Species

Family

Locality

IUCN Red List

Kapa

Masanpa

KyweKa Yan

KyaukPhyar

Panadoung

1.

Rhizophoraapiculata

Rhizophoraceae

+

+

+

+

+

LC

2.

R. mucronata

+

+

+

+

+

LC

3.

Bruguieragymnorhiza

-

+

-

-

-

LC

4.

B. sexangular

-

-

+

-

+

LC

5.

B. cylindrica

-

+

+

-

-

LC

6.

B. parviflora

+

+

+

-

+

LC

7.

Ceriopstagal

+

+

+

-

+

LC

8.

C. decandra

+

+

+

-

+

NT

9.

Avicennia alba

Avicenniaceae

+

+

-

+

+

LC

10.

A. officinalis

+

+

+

+

+

LC

11.

A. marina

+

+

-

+

+

LC

12.

Xylocarpusgranatum

Meliaceae

+

-

+

-

-

LC

13.

X. moluccensis

+

-

-

+

+

LC

14.

Sonneratia alba

Sonneratiaceae

+

+

+

+

+

CR

15.

S. graffithii

+

+

-

+

-

LC

16.

Heritieraformes

Sterculiaceae

+

-

+

-

-

EN

17.

H. littoralis

+

-

-

-

-

LC

18.

Aegialitisrotundifolia

Plumbaginaceae

-

+

-

+

+

NT

19.

Aegicerascorniculatum

Myrsinaceae

+

+

+

+

+

LC

20.

Excoecariaagallocha

Euphorbiaceae

+

-

+

+

+

DD

21.

Nypafruticans

Aracaceae

+

+

+

+

+

LC

Total

 

17

15

14

12

15

 

Table 1 Classification and occurrence of mangrove species in the study sites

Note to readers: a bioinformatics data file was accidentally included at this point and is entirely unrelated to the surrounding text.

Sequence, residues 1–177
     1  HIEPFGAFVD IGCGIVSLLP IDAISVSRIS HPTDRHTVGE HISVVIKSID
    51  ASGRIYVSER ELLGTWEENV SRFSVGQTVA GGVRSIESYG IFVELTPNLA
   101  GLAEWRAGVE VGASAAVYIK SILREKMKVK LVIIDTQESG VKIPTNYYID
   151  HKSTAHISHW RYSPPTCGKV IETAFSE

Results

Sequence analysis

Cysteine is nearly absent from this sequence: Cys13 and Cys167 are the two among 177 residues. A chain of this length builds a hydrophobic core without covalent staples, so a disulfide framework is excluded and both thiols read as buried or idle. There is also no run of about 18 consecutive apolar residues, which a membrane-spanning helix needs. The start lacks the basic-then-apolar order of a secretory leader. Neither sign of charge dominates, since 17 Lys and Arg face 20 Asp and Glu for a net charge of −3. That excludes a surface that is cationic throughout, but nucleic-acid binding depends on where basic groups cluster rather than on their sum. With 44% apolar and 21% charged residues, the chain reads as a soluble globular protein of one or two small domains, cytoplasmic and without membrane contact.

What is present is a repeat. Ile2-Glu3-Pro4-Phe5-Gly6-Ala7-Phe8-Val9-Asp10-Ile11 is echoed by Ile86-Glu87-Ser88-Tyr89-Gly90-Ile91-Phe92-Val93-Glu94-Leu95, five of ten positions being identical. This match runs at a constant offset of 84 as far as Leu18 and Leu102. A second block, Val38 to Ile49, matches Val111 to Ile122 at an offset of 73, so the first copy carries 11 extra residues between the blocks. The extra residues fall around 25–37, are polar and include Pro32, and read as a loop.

Symbols: (+)= present, (-)= absent
Abbreviations: LC, least concern; NT, near threatened; VU, vulnerable; EN, endangered; CR, critically endangered; DD, data deficient.

Parameters

 

 

Study areas

 

 

Kapa

Masanpa

Kywekayan

Kyauphyar

Panadoung

Water salinity (‰)

30.0

29.6

25.0

28.0

30.0

Soil salinity (‰)

33.0

29.0

25.0

29.0

28.7

Water temperature (°C)

29.5

29.0

30.0

28.0

32.0

Soil temperature (°C)

28.6

28.3

27.7

27.6

31.4

Soil pH

5.8

6.0

6.0

6.0

5.8

Table 2 The environmental parameters of the study areas during the study period

Among the species of mangroves, Rhizophora apiculata, R. mucronata, Avicennia officinalis, Sonneratia alba, Aegiceras corniculatum, and Nypa fruticans were distributed in all 5 study sites whereas Bruguiera gymnorrhiza and Heritiera littoralis are rarely found only in one study site (Table 1). Sonneratia alba recorded as critically endangered species in the IUCN Red list was remarkably found in all study sites of Myeik coastal areas.

Key to the species of mangroves along the Myeik coastal areas

1a   Trees with stilt roots- 2

1b   Trees without stilt roots- 3 

2a   Leaves apiculate, flower stalk short- Rhizophora apiculata Blume (Figure 2A-F)

Figure 2 Rhizophora apiculata: (A) Habit. (B) Leaves. (C) Flower. (D) Fruits. (E) Stem and (F) Root.

2b   Leaves mucronate, flower stalk long-R. mucronata Lamk (Figure 3A-F)

Figure 3 Rhizophora mucronata (A) Habit. (B) Leaves. (C) Flower. (D) Fruits. (E) Stem and (F) Root.

3a   Stipules present- 4

3b   Stipule absent- 9

4a   Leaf tip is pointed; 8-13 calyx lobes; larger trees with many knee-shaped roots- 5

4b   Leaf tip is rounded; with 5 calyx lobes; buttress originating stilt-like roots- 8

5a   Flowers solitary, one flower on each stalk- 6

5b   Flowers cluster, 3-4 flowers on each stalk-7